If the infinite video game singularity is “down” from here, if we have to Fall to get there, and whatever mystical Platonic libertarian world that Neal Stephenson fell from is “up”, then we need to look sideways. We need to look to the other forms of intelligence that operate in the world. We need to listen to the messages that we hear in our bodies: emotions, intuitions, inspirations. There is “another plane of existence whose existence will forever remain mysterious to us” and its portals are found in the inviolable souls of every growing being on this earth.
The real Hell in this book isn’t the posthuman Bitworld. It’s the callous lack of care Mr. Stephenson shows to the people of Meatspace. Occasionally he mentions some amazing life-extension benefits that, of course, are completely affordable to the ultra-rich protagonists. But the ever-increasing numbers of people entering Bitworld points to a rapid depopulation of the earth. He implies that people stop being interested in procreation, because they know of an eternal afterlife. But lots of people have believed in an eternal afterlife, historically, and that didn’t stop them from fuckin’, did it?
No, those people are dying because they can’t afford to be alive. There’s only one glancing mention of climate change in this entire foot-thick book. In an era where we’re faced with rapid depopulation and mass migration, the security state he coddles in the first part of the book is both creepy and genocidal. The immortality-financing programs in the second are worse. Make no mistake, this is an exterminist future.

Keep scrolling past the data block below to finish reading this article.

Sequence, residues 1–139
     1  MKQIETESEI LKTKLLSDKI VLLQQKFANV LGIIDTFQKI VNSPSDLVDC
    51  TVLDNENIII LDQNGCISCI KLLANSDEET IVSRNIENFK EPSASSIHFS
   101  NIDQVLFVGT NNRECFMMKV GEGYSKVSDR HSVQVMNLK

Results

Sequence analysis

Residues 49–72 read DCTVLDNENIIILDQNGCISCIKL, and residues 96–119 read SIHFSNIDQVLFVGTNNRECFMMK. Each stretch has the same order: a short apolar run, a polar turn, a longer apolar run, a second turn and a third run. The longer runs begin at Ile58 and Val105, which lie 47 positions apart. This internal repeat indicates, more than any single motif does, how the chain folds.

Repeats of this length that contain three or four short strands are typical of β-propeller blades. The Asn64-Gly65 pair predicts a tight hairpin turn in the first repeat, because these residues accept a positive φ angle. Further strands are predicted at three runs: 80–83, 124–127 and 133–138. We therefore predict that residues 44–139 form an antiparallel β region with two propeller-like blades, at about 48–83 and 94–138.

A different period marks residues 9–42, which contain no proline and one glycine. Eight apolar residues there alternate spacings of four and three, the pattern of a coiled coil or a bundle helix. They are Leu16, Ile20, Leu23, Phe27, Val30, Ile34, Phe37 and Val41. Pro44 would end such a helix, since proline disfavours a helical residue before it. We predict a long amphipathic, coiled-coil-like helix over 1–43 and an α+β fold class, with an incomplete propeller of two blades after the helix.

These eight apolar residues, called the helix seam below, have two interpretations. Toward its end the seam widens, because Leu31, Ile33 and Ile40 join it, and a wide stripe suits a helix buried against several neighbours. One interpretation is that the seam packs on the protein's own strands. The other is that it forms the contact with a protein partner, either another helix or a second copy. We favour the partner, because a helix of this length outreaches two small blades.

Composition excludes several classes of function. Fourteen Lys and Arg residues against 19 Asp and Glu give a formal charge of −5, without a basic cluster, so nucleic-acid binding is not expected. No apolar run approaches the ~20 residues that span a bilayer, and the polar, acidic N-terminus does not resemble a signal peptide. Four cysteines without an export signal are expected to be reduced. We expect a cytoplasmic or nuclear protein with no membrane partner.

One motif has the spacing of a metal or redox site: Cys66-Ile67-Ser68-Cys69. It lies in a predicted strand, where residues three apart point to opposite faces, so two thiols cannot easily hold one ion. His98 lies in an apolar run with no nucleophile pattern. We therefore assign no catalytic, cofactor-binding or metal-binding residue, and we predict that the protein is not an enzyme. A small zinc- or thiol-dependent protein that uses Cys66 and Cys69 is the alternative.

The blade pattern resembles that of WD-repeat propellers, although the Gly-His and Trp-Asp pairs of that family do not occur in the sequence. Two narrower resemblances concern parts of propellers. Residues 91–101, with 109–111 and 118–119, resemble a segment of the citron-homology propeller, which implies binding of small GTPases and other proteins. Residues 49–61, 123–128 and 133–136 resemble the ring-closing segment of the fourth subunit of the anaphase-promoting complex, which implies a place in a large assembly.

The problem with our world isn’t that it was built by a mad god and runs according to no logic. The problem with our world is that a handful of people have been hoarding the computing power on which we should be running utopia. And they’re using it to simulate the most idiotic fantasies.
Mr. Stephenson would have you believe that the masses are self-indulgent idiots who don’t know what’s good for the world, but he and his billionaire friends have made it clear that they are no better. Instead we should ask the world itself what’s good for the world. The rivers, the atmosphere, the ecological communities that we can’t live without should have the power. Not the blood-drunk one percent.
We need emissaries from a sideways plane of existence.
Thanks for reading,